Murphy was a smart defenceman who could slow the game down to his pace. Never considered the fleetest of foot, Murphy didn't possess a blistering slapshot and was not often seen laying guys out with heavy body checks, but over 21 years in the NHL he rarely missed a game and was always at the top of his team's scoring for defencemen. He was at times a point a game player and whether playing on bad teams in Toronto and Washington or great teams in Pittsburgh and Detroit, he consistently produced offence.
21 Art Ross
The trophy for the highest scoring player for a season is named the Art Ross Trophy. Ross played long before television and highlight packages could show his talent to the masses, but newspaper accounts and tales from the people who saw him play said he was a spectacular rushing defenseman, one of the first of his kind. Innovations made to the puck and net along with other rule changes were the brain child of Ross. He was a great thinker of the game and when the Hall of Fame could have inducted him in a number of categories, they chose to honor his playing ability and inducted him as a player in 1949.
20 Brad Park
Brad Park was an excellent defenceman who played in the shadow of the man who claimed the number one spot on our list. He was a solid all around defenceman who possessed many great offensive instincts. He was never fully appreciated in his time through unfair comparisons and playing on some underachieving teams in passionate hockey markets like in New York and Boston. He was a Hall of Famer, a multiple all-star and if he played 10 years earlier there is little doubt he'd have a Norris Trophy or two of his own.
19 Rob Blake
Beginning his career with the L.A. Kings, Blake formed a promising defence tandem with Darryl Sydor. Along with strong goaltending from Kelly Hrudey and the offensive punch from some guy named Gretzky, the Kings reached the Stanely Cup Final in 1993. The Kings were not able to sustain their play and it would take Blake several years and a trade to Colorado to win his one and only Cup. Throughout Blake's career he was a force at both ends of the ice, using his long frame to punish players with devastating body checks and terrifying goalies with bone crushing slap shots from the point. He was also a member of that rare breed that was as effective in his first game as he was years later in his last game.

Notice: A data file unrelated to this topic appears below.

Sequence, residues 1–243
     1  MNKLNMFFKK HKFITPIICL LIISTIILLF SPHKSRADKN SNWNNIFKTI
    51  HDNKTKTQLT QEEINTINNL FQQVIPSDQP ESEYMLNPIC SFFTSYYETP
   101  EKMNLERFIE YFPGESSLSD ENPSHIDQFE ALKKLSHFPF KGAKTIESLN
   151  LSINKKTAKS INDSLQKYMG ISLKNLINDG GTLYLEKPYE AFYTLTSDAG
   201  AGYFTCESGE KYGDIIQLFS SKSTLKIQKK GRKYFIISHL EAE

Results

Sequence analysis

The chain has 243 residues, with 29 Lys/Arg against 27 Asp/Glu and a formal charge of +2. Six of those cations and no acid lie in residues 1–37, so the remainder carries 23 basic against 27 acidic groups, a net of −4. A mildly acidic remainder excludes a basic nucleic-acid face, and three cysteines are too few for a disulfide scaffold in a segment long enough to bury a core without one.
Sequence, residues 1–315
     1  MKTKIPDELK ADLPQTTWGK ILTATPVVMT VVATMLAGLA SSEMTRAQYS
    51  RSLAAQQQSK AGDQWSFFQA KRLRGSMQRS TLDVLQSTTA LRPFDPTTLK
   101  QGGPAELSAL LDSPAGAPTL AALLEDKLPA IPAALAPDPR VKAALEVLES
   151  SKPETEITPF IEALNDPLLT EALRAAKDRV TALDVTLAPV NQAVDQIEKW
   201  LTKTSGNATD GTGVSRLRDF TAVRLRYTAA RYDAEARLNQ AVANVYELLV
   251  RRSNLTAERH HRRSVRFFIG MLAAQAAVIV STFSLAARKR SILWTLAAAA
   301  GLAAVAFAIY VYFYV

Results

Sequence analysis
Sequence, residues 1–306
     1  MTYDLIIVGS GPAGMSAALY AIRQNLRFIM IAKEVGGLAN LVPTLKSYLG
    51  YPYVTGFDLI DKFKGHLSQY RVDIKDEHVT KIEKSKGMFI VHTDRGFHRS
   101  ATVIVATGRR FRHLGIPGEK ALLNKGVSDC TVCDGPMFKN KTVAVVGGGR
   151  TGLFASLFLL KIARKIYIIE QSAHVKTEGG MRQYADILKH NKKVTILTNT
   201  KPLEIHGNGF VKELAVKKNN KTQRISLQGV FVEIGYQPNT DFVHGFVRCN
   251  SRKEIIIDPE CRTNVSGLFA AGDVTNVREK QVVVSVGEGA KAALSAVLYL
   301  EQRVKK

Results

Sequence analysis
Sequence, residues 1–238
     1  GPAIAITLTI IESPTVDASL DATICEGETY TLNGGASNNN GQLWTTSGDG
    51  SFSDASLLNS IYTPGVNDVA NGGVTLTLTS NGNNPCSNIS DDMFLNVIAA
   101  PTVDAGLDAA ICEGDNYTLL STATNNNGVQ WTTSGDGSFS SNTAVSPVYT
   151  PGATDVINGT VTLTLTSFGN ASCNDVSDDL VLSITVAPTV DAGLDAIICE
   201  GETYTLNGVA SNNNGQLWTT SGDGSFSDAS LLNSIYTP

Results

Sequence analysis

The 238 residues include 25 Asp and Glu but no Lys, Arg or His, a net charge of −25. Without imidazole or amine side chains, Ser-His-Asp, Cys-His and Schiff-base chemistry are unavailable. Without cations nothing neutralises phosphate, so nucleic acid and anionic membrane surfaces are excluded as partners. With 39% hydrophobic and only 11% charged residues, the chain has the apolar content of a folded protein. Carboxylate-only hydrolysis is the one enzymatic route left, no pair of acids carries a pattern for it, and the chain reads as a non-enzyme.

18 Red Kelly
Leonard "Red" Kelly was truly one of a kind. He had the versatility to play and excel at every position on the ice. Early in Red's career he was the foundation on the blue line for a Detroit dynasty, winning four Cups as a member of the Red Wings. He won multiple Lady Byng awards as the NHL's most gentlemanly player while also earning a Norris Trophy as the games top defenceman. Then a trade took him to an aging Maple Leafs team where he was moved up to play center and helped Toronto earn four Cups of their own. He is the only player in the history of the game to win that many Stanley Cups and not play for the Montreal Canadiens. Kelly was a dynasty unto himself.
17 Phil Housley
For many years Housley was considered the greatest American defencemen who ever played the game. Through his longevity and consistent point production he slowly but surely climbed the ranks of the NHL's top scoring defencemen. He was such a smooth skater who possessed unnerving composure with the puck. Housley never seemed out of control or nervous. The elegance in which he played the game, it would be no surprise if Phil played many games without ever dropping a bead of sweat.
16 Borje Salming
If you look at Borje Salming today, many speculate that he is still in good enough shape to play in the NHL tomorrow. Salming was a pioneer, a Swedish born and trained defenceman who came over to the NHL to show everyone that Europeans could compete and succeed among North America's best. Borje never took a shift off because the opposition was always eager to challenge the Swede and test his metal. It's hard to imagine Swedes being questioned for their toughness today, but before Sundin, Forsberg and Lidstrom, it was just Salming and he set the course from Europe over the Atlantic and into NHL arenas.